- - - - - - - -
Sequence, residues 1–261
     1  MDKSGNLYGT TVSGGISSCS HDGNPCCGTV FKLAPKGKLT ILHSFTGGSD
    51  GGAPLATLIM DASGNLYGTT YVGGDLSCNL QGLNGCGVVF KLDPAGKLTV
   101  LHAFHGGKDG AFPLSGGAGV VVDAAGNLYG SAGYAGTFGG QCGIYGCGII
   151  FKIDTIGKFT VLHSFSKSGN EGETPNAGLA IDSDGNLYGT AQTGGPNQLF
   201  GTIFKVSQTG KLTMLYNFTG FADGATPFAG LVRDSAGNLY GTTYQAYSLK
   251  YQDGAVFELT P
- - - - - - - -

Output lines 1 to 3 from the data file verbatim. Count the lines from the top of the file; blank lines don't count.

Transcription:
Sequence, residues 1–261
     1  MDKSGNLYGT TVSGGISSCS HDGNPCCGTV FKLAPKGKLT ILHSFTGGSD
    51  GGAPLATLIM DASGNLYGTT YVGGDLSCNL QGLNGCGVVF KLDPAGKLTV